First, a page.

Unless your profile is on complete lock-down and no one but you and your cats can see it, then you should never put your home address on your profile. Even worse is giving online “live” commentary of when you are coming and going – an open invitation to criminals.
Other personal details
It is wise not to disclose your year of birth, home address, or telephone number, or mother’s maiden name – or anything else, like bank, social service and driving licence details that could be used to put your personal or financial security at risk. Sophisticated criminals need very little to steal a person’s identity and many trawl Facebook because that kind of information is so readily available.
You’re going on holiday
It is probably not a good idea to post that you have bought tickets for a five-day Caribbean cruise and then share your departure date on Facebook. It is a fact that criminals do trawl through Facebook and other social media sites to look exactly for this sort of information to find out when your house is likely to be unoccupied.
Likewise, one of the biggest mistakes you can make is posting anything about your vacation while you are still on it. A thief noticing this will be able to put two and two together and infer that you are not at home, since you are posting while on vacation. Maybe it’s best to post pics of your cruise after you get back from it, rather than making yourself an easy target.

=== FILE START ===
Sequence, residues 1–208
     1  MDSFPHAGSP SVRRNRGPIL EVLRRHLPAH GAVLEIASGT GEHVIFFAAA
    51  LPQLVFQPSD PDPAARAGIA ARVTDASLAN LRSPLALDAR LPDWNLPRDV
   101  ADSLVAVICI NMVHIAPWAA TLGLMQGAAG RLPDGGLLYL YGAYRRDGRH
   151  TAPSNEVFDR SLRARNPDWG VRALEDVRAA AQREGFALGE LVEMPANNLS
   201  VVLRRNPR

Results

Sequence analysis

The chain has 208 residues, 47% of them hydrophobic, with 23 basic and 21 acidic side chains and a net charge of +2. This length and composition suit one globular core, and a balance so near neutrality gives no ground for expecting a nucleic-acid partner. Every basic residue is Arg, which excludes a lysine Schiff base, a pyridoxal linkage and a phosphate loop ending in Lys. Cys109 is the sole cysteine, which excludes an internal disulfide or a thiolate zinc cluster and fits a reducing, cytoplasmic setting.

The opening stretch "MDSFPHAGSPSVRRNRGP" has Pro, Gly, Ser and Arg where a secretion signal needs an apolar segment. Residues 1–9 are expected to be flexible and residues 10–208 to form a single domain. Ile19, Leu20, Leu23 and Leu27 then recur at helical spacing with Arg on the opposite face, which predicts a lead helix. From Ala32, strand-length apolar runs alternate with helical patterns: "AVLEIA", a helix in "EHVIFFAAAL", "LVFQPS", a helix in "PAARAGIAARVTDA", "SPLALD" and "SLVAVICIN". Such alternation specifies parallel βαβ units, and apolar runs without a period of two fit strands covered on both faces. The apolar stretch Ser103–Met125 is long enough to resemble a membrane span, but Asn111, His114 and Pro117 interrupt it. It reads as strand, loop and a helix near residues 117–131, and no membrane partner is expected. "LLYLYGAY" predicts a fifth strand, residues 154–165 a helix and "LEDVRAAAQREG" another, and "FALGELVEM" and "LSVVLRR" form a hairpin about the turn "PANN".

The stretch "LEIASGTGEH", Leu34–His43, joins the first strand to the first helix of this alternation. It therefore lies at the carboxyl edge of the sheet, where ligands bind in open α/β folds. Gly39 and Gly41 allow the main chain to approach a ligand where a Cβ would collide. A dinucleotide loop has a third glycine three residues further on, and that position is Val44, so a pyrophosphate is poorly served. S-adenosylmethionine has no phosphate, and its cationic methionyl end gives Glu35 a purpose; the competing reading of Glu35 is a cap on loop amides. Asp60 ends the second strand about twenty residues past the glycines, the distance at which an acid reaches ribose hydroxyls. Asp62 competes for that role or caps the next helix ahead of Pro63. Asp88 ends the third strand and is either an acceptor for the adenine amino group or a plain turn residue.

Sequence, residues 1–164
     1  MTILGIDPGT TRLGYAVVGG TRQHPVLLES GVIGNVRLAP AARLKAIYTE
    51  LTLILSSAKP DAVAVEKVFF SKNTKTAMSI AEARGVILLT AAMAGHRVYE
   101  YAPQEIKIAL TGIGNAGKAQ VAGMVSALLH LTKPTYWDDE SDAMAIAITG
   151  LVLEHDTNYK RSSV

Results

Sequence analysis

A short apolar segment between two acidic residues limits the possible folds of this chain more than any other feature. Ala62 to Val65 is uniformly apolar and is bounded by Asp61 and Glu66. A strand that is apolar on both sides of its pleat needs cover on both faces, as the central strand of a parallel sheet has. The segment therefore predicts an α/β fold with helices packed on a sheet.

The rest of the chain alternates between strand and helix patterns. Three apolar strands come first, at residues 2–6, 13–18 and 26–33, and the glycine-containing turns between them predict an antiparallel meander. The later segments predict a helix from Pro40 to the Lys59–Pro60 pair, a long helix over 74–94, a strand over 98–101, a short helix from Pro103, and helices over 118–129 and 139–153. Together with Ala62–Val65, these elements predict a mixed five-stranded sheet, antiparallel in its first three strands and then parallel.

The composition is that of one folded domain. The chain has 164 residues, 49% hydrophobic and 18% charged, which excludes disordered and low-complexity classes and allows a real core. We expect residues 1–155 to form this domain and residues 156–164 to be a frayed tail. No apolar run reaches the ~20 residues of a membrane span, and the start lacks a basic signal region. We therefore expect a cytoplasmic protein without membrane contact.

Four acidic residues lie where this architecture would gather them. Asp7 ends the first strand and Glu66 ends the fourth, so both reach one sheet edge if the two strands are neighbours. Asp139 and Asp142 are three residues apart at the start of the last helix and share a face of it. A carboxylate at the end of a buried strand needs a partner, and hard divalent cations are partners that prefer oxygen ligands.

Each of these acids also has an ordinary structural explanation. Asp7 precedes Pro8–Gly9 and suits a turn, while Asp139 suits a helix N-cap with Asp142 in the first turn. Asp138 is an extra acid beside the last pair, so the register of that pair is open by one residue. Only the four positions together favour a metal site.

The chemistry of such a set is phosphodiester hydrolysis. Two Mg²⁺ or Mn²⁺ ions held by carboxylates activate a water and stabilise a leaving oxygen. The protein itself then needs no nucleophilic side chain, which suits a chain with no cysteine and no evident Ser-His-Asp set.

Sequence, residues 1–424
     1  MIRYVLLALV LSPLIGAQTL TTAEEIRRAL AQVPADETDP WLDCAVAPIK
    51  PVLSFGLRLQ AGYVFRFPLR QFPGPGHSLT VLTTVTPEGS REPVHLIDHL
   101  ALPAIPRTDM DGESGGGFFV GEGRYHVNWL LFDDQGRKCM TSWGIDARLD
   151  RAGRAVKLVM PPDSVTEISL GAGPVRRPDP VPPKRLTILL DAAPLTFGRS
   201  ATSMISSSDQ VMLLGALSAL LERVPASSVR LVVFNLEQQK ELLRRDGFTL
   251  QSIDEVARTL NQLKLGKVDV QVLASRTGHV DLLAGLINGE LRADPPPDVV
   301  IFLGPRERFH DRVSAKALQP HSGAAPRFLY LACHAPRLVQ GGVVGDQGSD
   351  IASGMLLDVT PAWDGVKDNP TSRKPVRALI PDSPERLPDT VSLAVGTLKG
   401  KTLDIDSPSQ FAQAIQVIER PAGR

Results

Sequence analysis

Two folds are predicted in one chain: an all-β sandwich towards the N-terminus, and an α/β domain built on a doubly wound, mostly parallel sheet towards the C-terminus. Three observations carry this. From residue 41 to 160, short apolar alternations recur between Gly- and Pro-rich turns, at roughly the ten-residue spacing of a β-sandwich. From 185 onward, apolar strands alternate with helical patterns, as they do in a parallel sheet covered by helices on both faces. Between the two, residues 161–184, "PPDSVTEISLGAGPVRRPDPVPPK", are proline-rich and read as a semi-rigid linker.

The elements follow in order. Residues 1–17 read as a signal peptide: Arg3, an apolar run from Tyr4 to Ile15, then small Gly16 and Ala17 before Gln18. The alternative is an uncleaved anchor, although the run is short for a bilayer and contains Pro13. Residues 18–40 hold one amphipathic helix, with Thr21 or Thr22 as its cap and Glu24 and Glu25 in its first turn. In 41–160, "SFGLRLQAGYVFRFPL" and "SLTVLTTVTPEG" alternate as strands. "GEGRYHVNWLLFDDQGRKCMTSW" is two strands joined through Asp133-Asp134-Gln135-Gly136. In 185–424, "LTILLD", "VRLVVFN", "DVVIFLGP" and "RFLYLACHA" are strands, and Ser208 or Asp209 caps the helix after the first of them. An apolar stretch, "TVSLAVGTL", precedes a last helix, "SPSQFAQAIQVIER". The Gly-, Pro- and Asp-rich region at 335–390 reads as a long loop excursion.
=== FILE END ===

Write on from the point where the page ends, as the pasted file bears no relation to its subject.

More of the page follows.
Never assume that your status post is going out to ‘friends only’ as your friend may have left their Facebook account logged into a computer at the local library, allowing complete strangers to view your status posts.
Information about your children
We all love to share pics of our kids doing interesting things or when they accomplish something. That’s totally fine. Facebook is all about being social. Unfortunately, you never know who’s watching, as we live in a time when paedophiles are smarter than they used to be. You need to protect your kids by not giving away too much info about them online.
Advice is not to post their names to the “public” setting at all. And you should never say what school they go to. It is sensible not to post pics of your kids in the bathtub or running around naked on a beach.
Is it OK to brag about your kids and post pics of them? Sure. But limit that to your real friends and family online. Not to the public who can take that image and do whatever they want with it.
Is it true?